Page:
Suggestions for Making the Most Out of Being the Single Friend
If you’re in a similar situation to myself, you’re probably third-wheeling a lot. But that name has some negative connotations—because you’re a complete person on your own. We don’t need a partner in order to find contentment and fulfillment; a relationship can be the cherry on top of everything else and doesn’t need to be our entire life. Some suggestions for coping with being the single friend include:
- Avoid getting lost in your head when you’re third-wheeling (and maybe stop calling it that). Your coupled friends aren’t spending time with you because they feel bad—they enjoy your company and chances are, they’re not obsessing over how single and lonely you must me. If you create the perception that you’re third-wheeling, your time with friends shifts into a shame-based, self-conscious narrative. If your friends or family tease you too much about being single, it’s okay to express that it makes you uncomfortable. Just like with any other relationship, if you communicate calmly, your boundaries should absolutely be respected.
- Actually focusing on making friends—and not just waiting around for another relationship. Something I’ve noticed, especially as I’ve gotten older, is that making friends gets harder. But it doesn’t have to be—I think it may be more of an issue of where we devote our time and energy. If you come across as caring, are a good listener, and show interest in the lives of others, you will make friends and likely receive that affection in return from the right people.
- Dating casually if you aren’t ready or don’t want something serious. If anything, it’s a great way to meet new people—just be open with them about your goals. Chances are, they’ll appreciate you telling them you’re not ready for anything long-term. And if you’ve expressed your expectations and goals clearly, and they still give you trouble for not wanting to date seriously—that’s a major red flag and you’re better off without them. On the other hand, it’s not fair to be vague about what you want out of a relationship, or to mislead people to avoid conflict, either.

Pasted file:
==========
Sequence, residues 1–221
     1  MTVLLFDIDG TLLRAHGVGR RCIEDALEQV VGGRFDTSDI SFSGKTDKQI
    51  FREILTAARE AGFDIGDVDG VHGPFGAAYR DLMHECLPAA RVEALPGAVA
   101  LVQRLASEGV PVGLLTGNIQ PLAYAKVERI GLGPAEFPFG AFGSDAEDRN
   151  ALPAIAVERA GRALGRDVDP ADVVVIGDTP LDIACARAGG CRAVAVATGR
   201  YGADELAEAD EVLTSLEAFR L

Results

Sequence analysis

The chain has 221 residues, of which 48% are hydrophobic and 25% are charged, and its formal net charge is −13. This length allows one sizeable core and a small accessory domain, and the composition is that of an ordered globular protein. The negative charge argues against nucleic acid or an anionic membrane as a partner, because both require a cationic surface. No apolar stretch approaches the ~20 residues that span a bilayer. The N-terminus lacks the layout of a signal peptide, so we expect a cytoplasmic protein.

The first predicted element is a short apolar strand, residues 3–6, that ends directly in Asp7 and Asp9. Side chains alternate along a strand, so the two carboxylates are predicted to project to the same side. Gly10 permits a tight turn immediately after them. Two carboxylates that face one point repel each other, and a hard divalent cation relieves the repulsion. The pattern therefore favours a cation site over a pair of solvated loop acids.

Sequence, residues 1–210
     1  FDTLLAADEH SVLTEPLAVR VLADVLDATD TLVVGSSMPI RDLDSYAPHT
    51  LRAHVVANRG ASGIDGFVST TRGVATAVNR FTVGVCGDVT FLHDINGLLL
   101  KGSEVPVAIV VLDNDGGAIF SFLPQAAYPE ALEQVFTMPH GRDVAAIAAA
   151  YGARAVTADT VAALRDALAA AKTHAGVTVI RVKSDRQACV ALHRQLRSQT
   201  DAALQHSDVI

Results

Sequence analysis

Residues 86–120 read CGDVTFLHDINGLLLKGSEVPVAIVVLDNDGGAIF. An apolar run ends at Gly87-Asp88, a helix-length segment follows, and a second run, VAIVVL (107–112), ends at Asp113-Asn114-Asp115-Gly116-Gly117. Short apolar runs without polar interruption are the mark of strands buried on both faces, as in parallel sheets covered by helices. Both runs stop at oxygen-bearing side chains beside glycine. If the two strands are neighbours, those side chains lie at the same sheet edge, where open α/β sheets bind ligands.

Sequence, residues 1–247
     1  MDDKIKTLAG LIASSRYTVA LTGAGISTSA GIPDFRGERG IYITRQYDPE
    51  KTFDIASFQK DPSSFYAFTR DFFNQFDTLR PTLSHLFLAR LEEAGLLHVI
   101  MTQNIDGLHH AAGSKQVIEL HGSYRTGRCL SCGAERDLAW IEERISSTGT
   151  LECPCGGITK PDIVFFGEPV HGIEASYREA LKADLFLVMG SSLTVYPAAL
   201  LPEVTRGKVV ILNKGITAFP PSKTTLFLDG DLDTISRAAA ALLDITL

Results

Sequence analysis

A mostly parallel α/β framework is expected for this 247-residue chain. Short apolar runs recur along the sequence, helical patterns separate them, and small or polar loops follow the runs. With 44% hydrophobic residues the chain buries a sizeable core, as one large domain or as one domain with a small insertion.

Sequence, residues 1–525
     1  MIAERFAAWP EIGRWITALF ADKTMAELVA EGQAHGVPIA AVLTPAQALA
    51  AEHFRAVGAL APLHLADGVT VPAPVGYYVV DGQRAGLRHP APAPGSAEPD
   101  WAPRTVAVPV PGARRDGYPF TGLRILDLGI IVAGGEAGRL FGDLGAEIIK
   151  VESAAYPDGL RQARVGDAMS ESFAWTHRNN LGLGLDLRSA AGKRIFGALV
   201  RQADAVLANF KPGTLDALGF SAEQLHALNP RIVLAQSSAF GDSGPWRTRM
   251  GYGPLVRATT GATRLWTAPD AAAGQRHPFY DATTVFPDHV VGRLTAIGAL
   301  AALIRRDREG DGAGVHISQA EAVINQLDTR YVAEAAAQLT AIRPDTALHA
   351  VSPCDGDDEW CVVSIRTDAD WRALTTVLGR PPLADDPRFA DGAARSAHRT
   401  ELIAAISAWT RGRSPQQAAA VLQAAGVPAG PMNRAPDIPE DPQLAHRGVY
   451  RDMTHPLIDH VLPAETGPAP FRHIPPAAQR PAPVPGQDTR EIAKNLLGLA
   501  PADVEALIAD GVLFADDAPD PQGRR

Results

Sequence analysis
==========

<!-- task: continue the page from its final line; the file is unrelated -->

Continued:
- Remember that it’s okay to laugh at yourself and the perks (and setbacks) of the single life. There are days when you may celebrate being single, and other periods when you curse your single existence. But if you can find a way to laugh at the fact that both being single and taken have their ups and downs, then you’ll be better off. No situation or connection will always go 100% the way we want it to; being single can help us keep this in mind and be grateful for what we have, regardless of circumstances.
For myself, I have my dog and my garden to look after. I can’t be chasing girls; I’m too busy chasing possums out of my corn patch. And at 26, I’ve formed some of the best friendships of my life, simply by focusing more on them. And when I’m ready to put myself back out there, I’ll have a better idea of who I am—and what I want out of a relationship.